• Mendell J.R.
      • Al-Zaidy S.
      • Shell R.
      • et al.
      Single-dose gene-replacement therapy for spinal muscular atrophy.
      In addition, all patients lacked the SMN2 disease-modifying c.859G>C mutation in exon 7, which can increase the fraction of functional protein produced from SMN2 and thus predict a milder phenotype.
      • Prior T.W.
      • Krainer A.R.
      • Hua Y.
      • et al.
      A positive modifier of spinal muscular atrophy in the SMN2 gene.
      Note that these genotype restrictions were applied to allow effective comparison with published data, not because onasemnogene abeparvovec would have less efficacy in patients with other genotypic profiles.
      Patients were also selected based on age and symptom onset because a natural history study has demonstrated that infants experiencing symptoms at age less than six months never sat unassisted.
      • Finkel R.S.
      • McDermott M.P.
      • Kaufmann P.
      • et al.
      Observational study of spinal muscular atrophy type I and implications for clinical trials.
      Although the onasemnogene abeparvovec clinical trial initially enrolled subjects younger than nine months (first nine patients), the inclusion criteria were subsequently modified to infants younger than six months because it quickly became apparent that patients dosed early in the disease progression had higher potential for better outcomes, which was consistent with preclinical murine studies.
      • Foust K.D.
      • Wang X.
      • McGovern V.L.
      • et al.
      Rescue of the spinal muscular atrophy phenotype in a mouse model by early postnatal delivery of SMN.
      • Robbins K.L.
      • Glascock J.J.
      • Osman E.Y.
      • Miller M.R.
      • Lorson C.L.
      Defining the therapeutic window in a severe animal model of spinal muscular atrophy.
      Patients dosed early in age (less than three months) and early in disease progression (CHOP-INTEND [Children's Hospital of Philadelphia Infant Test of Neuromuscular Disorders] score greater than 40) achieved the ability to stand or walk.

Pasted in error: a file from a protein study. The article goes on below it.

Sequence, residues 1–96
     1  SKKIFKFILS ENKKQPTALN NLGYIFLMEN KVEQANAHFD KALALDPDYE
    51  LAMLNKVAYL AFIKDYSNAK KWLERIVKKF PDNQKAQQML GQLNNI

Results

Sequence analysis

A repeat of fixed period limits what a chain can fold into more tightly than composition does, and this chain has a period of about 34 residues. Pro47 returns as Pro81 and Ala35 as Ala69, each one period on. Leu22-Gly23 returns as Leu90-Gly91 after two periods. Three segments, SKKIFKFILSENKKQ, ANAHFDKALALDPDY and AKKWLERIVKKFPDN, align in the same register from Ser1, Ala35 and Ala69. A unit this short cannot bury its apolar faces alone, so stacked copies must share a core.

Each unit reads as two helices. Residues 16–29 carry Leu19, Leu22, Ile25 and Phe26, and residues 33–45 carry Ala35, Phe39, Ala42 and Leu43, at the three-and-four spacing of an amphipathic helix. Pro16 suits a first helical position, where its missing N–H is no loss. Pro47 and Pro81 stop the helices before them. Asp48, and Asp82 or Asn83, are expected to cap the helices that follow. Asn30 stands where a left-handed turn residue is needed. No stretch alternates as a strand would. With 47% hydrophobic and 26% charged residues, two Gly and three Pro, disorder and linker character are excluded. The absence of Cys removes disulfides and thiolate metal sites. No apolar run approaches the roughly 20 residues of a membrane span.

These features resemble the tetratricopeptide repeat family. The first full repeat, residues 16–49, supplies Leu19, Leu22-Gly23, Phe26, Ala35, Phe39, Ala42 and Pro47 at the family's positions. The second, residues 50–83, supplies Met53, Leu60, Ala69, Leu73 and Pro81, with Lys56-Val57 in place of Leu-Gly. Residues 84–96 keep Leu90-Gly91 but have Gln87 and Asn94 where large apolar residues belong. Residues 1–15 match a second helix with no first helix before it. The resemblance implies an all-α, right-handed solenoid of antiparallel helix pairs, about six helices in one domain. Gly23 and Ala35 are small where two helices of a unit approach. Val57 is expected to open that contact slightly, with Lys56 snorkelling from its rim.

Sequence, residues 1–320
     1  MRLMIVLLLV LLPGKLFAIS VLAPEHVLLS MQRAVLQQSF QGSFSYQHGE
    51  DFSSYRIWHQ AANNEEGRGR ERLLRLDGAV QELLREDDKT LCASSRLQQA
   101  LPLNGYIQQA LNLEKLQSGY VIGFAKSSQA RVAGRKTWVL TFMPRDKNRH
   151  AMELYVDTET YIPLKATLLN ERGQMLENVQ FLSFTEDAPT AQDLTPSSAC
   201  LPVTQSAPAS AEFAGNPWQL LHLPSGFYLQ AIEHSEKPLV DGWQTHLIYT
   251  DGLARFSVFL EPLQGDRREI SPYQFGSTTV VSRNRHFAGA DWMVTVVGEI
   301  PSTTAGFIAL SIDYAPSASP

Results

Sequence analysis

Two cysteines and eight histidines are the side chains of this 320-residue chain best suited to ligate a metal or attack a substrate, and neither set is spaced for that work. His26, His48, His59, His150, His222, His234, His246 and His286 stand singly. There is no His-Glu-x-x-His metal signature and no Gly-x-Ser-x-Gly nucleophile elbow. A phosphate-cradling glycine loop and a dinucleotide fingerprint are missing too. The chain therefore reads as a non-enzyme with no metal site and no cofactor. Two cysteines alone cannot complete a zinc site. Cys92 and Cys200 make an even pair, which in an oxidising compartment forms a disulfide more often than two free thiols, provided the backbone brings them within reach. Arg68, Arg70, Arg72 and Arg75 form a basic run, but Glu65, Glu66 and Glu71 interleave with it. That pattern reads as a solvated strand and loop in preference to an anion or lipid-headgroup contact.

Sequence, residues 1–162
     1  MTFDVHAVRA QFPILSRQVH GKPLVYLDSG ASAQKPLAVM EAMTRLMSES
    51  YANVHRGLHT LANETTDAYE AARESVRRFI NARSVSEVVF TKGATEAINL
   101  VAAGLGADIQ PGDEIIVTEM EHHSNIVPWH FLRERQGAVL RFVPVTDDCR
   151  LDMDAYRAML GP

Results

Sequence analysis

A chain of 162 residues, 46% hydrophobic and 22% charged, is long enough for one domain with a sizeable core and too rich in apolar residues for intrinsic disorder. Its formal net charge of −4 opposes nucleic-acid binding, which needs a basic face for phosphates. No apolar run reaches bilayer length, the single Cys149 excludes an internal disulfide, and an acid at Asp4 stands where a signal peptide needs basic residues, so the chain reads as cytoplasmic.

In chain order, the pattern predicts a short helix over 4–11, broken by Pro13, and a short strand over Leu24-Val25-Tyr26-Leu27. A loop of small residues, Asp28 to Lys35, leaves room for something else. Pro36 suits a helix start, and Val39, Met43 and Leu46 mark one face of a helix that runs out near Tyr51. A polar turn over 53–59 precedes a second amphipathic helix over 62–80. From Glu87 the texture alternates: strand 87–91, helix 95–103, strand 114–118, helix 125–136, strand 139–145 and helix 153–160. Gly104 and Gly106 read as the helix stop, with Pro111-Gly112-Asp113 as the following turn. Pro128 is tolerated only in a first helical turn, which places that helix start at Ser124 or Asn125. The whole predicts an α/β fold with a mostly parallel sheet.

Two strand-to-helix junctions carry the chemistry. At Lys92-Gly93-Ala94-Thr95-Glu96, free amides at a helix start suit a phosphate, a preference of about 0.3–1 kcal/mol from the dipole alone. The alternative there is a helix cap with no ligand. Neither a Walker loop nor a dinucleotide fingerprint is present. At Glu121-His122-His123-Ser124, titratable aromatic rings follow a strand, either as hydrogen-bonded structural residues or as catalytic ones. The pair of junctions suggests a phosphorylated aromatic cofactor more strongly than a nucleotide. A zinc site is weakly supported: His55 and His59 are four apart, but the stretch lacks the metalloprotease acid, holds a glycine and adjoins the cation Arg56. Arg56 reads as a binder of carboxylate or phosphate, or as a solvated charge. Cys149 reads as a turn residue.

Mendell JR, Shell R, Lehman R, et al. Gene-replacement therapy in spinal muscular atrophy type 1: Long-term follow-up from the Onsemnogene Abeparvovec-xioi Phase 1/2a Clinical Trial. Anaheim, CA: Presented at the 2019 CureSMA Annual Conference; 2019.

      All infants with SMA1 in the study weighed between 3.6 and 8.4 kg at the time of gene transfer, and for this reason a maximum tolerated dose (i.e., maximum weight that can be safely treated) was not determined in this trial. The available safety data and clinical experience with intravenously administered onasemnogene abeparvovec GRT at the time of this review is less than 8.5 kg. However, it should be noted that other AAV-mediated GRT trials with systemic delivery have safely dosed children and adults at weights reviewed in Table 1.
      • Duan D.
      Micro-dystrophin gene therapy goes systemic in Duchenne muscular dystrophy patients.
      TABLE 1.Clinical Studies With Intravenously Administered AAV Gene Replacement Therapy
      Clinical StudyVectorRoute/DosesWeight kgAnti-AAV CutoffImmune Responses Reported
      SMA1, phase 1/2
      • Mendell J.R.
      • Al-Zaidy S.
      • Shell R.
      • et al.
      Single-dose gene-replacement therapy for spinal muscular atrophy.
      Onasemnogene abeparvovec,

      AAV9
      Intravenous

      6 × 1013-2 × 1014 vg/kg
      3.6-8.4<1:50 IgGAsymptomatic LE elevations, prednisolone regimen utilized
      Hemophilia A, phase 1/2
      • Rangarajan S.
      • Walsh L.
      • Lester W.
      • et al.
      AAV5-factor VIII gene transfer in severe hemophilia A.
      AAV5Intravenous

      6 × 1012-6 × 1013 vg/kg
      60-103<1:1 NAbAsymptomatic LE elevation in high-dose cohort, prednisolone regimen utilized in high-dose cohort
      Hemophilia A, phase 1/2
      • High K.A.
      • George L.A.
      • Eyster M.E.
      • et al.
      A phase 1/2 trial of investigational SPK-8011 in hemophilia A demonstrates durable expression and prevention of bleeds.
      SPK-8011, rAAVIntravenous

      5 × 1011-1 × 1012 vg/kg
      Adults<1:1 NAbNo sustained or unresolved LE elevations. One SAE for IV administration of steroids to treat asymptomatic immune response not resolved with oral steroids, which then resolved
      Hemophilia B, phase 2
      • Miesbach W.
      • Meijer K.
      • Coppens M.
      • et al.
      Gene therapy with adeno-associated virus vector 5-human factor IX in adults with hemophilia B.
      AMT-060, AAV5Intravenous

      2 × 1013 vg/kg
      71-96.0<1:1 NAbWith more sensitive assay, three patients had positive anti-AAV5 NAb titers, and two were confirmed by additional assays. Highest NAb titer was 1:340. No patient had any clinically relevant T-cell immune response, and three experienced asymptomatic liver enzyme elevations treated with oral steroids